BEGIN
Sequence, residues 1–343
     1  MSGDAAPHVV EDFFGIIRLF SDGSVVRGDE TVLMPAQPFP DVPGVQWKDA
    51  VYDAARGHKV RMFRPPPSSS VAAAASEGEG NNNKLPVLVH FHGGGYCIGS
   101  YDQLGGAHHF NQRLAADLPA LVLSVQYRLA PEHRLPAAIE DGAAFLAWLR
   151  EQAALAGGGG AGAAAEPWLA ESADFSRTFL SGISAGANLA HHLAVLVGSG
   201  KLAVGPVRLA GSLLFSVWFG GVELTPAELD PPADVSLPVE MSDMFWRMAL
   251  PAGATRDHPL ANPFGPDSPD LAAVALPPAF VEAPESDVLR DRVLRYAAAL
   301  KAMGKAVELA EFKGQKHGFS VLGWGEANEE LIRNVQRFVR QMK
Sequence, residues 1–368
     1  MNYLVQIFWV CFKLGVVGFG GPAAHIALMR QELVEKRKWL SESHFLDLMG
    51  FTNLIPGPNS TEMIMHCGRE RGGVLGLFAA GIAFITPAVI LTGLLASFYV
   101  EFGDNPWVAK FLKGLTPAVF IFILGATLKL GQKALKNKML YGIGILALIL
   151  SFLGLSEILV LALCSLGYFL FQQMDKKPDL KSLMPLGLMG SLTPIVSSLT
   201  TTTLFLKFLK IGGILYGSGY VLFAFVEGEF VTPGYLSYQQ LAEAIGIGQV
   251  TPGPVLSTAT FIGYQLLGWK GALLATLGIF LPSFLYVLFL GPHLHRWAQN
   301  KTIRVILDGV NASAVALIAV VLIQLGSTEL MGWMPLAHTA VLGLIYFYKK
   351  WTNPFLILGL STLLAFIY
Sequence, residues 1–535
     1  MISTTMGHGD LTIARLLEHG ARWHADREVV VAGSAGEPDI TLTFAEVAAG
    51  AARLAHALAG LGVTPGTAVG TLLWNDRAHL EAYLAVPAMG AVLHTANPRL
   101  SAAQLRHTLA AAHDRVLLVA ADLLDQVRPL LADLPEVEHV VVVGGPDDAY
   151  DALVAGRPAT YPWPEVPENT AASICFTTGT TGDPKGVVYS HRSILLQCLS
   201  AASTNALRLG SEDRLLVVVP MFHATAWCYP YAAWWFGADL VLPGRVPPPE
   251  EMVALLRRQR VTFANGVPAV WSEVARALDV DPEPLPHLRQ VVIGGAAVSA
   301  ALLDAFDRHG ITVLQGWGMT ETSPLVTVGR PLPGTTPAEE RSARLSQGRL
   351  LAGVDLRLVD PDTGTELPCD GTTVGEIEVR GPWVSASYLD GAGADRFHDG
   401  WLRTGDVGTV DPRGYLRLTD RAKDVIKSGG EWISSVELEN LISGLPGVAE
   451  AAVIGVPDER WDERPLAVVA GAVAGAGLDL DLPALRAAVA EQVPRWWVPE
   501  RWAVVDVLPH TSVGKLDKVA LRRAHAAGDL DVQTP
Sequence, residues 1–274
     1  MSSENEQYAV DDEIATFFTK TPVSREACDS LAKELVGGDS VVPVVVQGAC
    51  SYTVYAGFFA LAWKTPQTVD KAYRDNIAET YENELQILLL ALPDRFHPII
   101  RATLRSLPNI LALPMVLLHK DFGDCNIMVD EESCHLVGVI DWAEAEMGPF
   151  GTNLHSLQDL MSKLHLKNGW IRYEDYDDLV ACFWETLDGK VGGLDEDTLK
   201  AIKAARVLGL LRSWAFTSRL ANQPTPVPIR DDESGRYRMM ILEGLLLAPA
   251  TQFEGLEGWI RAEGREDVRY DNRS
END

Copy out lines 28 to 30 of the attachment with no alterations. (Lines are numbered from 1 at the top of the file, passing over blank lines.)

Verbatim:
   451  AAVIGVPDER WDERPLAVVA GAVAGAGLDL DLPALRAAVA EQVPRWWVPE
   501  RWAVVDVLPH TSVGKLDKVA LRRAHAAGDL DVQTP
Sequence, residues 1–274